A Deputy Minister of Finance, Charles Adu Boahen has justified the extension of free water for everyone and electricity to lifeline consumers by an additional three months.
Although he admitted that the reliefs seem expensive and socialist in nature, it will inure to the benefit of the needy in society following the hardships brought on by the COVID-19 pandemic.
“Really and truly, we know that it is expensive and socialist in nature, but when you look at the impact of the pandemic, these are the kind of things that we need to do to benefit a lot more people,” he said.
Adu Boahen made the remark on the Citi Breakfast Show on Friday, July 24, 2020, a day after the Finance Minister, Ken Ofori-Atta presented the 2020 mid-year budget review in Parliament.
Among other things, Ofori-Atta announced the extension of free water to Ghanaians for the next three months. In the case of the electricity, he said the lifeline consumers will enjoy it for free for the rest of the year, 2020.
Ghanaians enjoyed such reliefs during the initial stages of the COVID-19 induced restrictions.
The Minority in Parliament had accused the government of using the mid-year budget review to make election-year promises.
Some critics also argue that the extension of the utility reliefs is populist and one that could blow government expenditure out of gear.
But speaking in an interview with Bernard Avle on the Citi Breakfast Show, Adu Boahen said the decision is in the right direction.
“At the end of the day, it’s all about lives and livelihoods. I think the lockdown really showed us the kind of society we live in and the communal nature of our society. We realized that people were really struggling. We had to roll out the food programme, the soup kitchens all over the place. It really was devastating. And the security personnel said that if we continued this, all hell may break loose. So we really had to apply measures and strategies that inure themselves to the type of the environment and community living we have here [in Ghana] unlike what we have in the west.”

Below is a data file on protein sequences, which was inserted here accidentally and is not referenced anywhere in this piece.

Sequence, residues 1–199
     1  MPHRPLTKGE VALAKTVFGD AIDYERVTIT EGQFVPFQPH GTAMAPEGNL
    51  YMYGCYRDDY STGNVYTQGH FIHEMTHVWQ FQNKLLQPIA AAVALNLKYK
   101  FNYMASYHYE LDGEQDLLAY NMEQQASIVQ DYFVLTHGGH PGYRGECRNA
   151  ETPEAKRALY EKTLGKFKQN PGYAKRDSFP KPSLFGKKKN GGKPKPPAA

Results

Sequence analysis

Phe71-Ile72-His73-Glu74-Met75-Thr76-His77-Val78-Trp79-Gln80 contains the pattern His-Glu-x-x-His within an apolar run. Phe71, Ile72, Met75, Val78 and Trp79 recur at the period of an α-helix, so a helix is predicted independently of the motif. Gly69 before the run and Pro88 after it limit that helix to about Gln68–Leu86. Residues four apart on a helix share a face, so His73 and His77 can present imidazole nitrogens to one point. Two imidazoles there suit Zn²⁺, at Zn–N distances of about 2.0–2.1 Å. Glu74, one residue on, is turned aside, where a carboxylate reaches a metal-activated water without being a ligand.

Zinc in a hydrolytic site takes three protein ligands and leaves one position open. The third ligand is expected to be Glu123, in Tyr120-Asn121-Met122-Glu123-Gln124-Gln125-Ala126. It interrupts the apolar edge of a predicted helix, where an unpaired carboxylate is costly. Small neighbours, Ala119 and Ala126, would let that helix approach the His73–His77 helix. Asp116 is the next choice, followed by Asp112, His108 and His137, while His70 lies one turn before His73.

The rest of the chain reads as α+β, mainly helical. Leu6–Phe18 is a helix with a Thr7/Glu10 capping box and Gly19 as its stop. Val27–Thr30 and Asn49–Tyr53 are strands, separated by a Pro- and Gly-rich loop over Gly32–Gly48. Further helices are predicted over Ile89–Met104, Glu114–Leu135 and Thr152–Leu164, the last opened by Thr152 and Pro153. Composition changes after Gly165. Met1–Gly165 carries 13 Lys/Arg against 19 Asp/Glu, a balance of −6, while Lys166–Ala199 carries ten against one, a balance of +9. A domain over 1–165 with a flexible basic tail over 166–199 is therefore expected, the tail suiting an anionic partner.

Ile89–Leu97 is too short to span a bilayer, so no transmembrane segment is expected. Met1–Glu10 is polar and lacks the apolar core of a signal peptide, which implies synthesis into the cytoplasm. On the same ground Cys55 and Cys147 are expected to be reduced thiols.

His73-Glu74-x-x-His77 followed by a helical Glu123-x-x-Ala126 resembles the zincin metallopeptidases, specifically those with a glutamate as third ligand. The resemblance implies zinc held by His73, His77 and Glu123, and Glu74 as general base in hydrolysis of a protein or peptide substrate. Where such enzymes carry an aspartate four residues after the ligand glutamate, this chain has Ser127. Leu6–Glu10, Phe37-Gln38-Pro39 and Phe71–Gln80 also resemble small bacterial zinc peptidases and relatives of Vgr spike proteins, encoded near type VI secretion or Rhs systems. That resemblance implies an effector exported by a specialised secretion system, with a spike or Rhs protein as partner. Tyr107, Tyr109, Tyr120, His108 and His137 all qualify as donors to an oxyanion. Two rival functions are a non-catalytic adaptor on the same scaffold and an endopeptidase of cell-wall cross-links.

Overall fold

“What we don’t have here is a formalized means that allows us to deploy cash or intangible benefits to the needy in society and those who need it most to be able to address this issue and to reduce the possibility of violence and the like escalating. So we are left with some very limited options to be able to distribute or extend any kind of benefit or support to the most needy in society. One of them is water and the other is electricity.”
He said that is why the decision was adopted for the government to bear the cost of water and part of electricity tariffs.
“So you will see that with this new extension in electricity, we said that it is to lifeline customers. So the cost of that is not really that high compared to when we were doing that plus 50 percent for others. And we believe that this is more targeted…and this benefit will be immense to them. The same with water. Water is really an essential commodity everybody deserves to have,” he explained.